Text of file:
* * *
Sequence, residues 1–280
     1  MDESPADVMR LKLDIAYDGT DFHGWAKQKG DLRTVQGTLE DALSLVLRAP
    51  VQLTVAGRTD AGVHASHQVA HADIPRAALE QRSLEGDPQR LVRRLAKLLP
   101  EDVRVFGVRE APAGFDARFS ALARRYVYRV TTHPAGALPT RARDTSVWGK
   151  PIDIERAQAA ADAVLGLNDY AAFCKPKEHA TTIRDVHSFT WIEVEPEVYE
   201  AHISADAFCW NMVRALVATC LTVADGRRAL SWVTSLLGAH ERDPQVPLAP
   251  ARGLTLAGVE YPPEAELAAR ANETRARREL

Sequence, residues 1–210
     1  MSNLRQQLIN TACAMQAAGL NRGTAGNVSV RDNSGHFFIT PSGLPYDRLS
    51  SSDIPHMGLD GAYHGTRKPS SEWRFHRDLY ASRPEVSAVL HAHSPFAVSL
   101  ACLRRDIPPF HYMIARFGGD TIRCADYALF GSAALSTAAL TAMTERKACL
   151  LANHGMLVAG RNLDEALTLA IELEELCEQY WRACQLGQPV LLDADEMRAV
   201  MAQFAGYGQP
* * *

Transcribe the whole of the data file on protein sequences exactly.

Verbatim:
Sequence, residues 1–280
     1  MDESPADVMR LKLDIAYDGT DFHGWAKQKG DLRTVQGTLE DALSLVLRAP
    51  VQLTVAGRTD AGVHASHQVA HADIPRAALE QRSLEGDPQR LVRRLAKLLP
   101  EDVRVFGVRE APAGFDARFS ALARRYVYRV TTHPAGALPT RARDTSVWGK
   151  PIDIERAQAA ADAVLGLNDY AAFCKPKEHA TTIRDVHSFT WIEVEPEVYE
   201  AHISADAFCW NMVRALVATC LTVADGRRAL SWVTSLLGAH ERDPQVPLAP
   251  ARGLTLAGVE YPPEAELAAR ANETRARREL

Sequence, residues 1–210
     1  MSNLRQQLIN TACAMQAAGL NRGTAGNVSV RDNSGHFFIT PSGLPYDRLS
    51  SSDIPHMGLD GAYHGTRKPS SEWRFHRDLY ASRPEVSAVL HAHSPFAVSL
   101  ACLRRDIPPF HYMIARFGGD TIRCADYALF GSAALSTAAL TAMTERKACL
   151  LANHGMLVAG RNLDEALTLA IELEELCEQY WRACQLGQPV LLDADEMRAV
   201  MAQFAGYGQP